A Summary of Neo-Scholastic Doctrine on Just War Theory

Neo-Scholastic Doctrine on Just War TheoryA Summary of Neo-Scholastic Doctrine on Just War Theory.

Taking into account the varying opinions of the Neo-Scholastic authorities on several points, the following precisions of doctrine may now be made:

1. The right of war is odious. That this right exists in certain circumstances cannot be denied; but it is a regrettable necessity, and the main object of rulers should be to prevent the necessity of arising.

2. A declaration of war – other than a war of self-defense against actual attack – is a penal act, justifiable only if an injury has been committed so great as to require the gravest penalty.

3. The penal jurisdiction required for the declaration of war is necessary for the preservation of order in human society and is conferred upon sovereigns in the absence of a higher tribunal.

4. If the possibility of recourse to the arbitration of the Holy See or another competent tribunal exists, this penal jurisdiction may not be exercised by a prince.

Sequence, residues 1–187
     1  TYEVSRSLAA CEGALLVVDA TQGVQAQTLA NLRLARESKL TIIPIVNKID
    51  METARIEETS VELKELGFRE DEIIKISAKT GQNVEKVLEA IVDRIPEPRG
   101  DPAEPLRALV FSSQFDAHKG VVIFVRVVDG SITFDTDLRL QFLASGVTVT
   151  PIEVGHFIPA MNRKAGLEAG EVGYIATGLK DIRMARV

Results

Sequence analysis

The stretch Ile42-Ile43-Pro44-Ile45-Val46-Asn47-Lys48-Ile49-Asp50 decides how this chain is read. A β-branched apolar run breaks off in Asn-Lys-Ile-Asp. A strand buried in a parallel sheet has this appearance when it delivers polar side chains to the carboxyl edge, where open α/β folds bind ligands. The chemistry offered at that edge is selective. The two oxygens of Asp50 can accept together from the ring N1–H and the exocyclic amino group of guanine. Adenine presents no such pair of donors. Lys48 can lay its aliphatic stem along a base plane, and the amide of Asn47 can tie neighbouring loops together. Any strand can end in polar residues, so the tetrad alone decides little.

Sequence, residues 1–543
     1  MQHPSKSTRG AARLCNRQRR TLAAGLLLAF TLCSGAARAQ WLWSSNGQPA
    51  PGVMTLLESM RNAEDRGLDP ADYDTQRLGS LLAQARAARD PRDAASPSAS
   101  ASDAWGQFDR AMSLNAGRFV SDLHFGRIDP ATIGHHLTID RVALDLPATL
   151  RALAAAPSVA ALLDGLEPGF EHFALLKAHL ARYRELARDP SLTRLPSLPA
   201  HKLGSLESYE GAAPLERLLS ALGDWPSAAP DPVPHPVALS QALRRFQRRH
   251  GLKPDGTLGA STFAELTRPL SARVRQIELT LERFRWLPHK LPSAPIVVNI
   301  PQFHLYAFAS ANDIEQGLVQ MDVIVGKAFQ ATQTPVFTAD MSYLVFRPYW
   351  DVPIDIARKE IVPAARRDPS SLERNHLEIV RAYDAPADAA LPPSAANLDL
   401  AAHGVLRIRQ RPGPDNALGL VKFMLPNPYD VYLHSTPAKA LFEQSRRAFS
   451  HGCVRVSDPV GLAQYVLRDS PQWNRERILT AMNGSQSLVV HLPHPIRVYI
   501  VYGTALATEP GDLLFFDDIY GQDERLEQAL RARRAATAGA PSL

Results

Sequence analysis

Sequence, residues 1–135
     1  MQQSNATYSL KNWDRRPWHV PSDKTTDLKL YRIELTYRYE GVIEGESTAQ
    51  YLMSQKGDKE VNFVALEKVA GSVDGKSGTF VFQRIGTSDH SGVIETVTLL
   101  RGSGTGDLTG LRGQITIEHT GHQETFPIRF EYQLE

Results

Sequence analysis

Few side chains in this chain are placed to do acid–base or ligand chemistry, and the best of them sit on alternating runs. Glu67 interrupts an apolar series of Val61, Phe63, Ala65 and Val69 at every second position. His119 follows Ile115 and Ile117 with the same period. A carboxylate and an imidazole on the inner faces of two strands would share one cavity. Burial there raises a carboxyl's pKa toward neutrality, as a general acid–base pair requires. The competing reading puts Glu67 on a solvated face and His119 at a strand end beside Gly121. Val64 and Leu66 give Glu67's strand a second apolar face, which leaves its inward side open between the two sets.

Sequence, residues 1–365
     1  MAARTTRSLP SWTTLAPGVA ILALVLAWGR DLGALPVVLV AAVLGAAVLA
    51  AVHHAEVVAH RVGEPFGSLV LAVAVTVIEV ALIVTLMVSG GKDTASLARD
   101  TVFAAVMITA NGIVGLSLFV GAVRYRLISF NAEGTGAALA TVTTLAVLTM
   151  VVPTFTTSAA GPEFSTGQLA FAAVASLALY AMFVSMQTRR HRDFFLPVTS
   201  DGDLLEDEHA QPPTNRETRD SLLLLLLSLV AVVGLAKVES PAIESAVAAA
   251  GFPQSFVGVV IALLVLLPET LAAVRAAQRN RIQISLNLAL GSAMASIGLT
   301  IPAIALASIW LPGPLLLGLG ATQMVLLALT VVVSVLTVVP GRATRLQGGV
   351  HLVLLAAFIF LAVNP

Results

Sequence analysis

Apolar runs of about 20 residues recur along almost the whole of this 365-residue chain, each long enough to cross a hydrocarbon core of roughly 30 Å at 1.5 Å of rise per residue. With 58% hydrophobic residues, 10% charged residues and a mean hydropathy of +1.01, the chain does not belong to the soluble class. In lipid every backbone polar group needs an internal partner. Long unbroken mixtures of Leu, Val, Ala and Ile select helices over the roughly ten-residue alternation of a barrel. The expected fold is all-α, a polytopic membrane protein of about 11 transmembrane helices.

5. If any doubt exists concerning the justice of his claims the prince may not resort to arms. In such a case both disputants are under an obligation to choose arbitrators or mediators and to abide by their decision.

6. Even if a certainly just cause of war exists, the prince must refrain from going to war if the losses resulting from war to the belligerent states, the whole community of nations or the Church are likely to be so great as to outweigh the advantages of repairing the injury done.

7. Soldiers are bound to examine the justice of a proposed war. If uncertain of the justice of the cause their duty is to obey their commanders. If certain of the injustice of the cause they are to refuse to fight.

8. All those who hold office or have any political responsibility in the state are bound in conscience to examine carefully the rights and wrongs of a proposed declaration of war.

9. War may not be waged on the personal authority of the sovereign, but only after the advice of wise and impartial men has been sought, and after the claims of the opposing side have been carefully weighed.

The Catholic Tradition of the Law of Nations, John Eppstein –


– Lucas G. Westman

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